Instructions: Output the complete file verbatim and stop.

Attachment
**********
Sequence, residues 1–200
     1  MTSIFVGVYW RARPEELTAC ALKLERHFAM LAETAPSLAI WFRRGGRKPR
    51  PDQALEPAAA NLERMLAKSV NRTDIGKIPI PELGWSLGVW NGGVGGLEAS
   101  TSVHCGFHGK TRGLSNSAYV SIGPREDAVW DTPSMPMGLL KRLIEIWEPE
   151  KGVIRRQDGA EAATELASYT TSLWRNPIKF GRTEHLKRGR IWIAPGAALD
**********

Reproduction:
Sequence, residues 1–200
     1  MTSIFVGVYW RARPEELTAC ALKLERHFAM LAETAPSLAI WFRRGGRKPR
    51  PDQALEPAAA NLERMLAKSV NRTDIGKIPI PELGWSLGVW NGGVGGLEAS
   101  TSVHCGFHGK TRGLSNSAYV SIGPREDAVW DTPSMPMGLL KRLIEIWEPE
   151  KGVIRRQDGA EAATELASYT TSLWRNPIKF GRTEHLKRGR IWIAPGAALD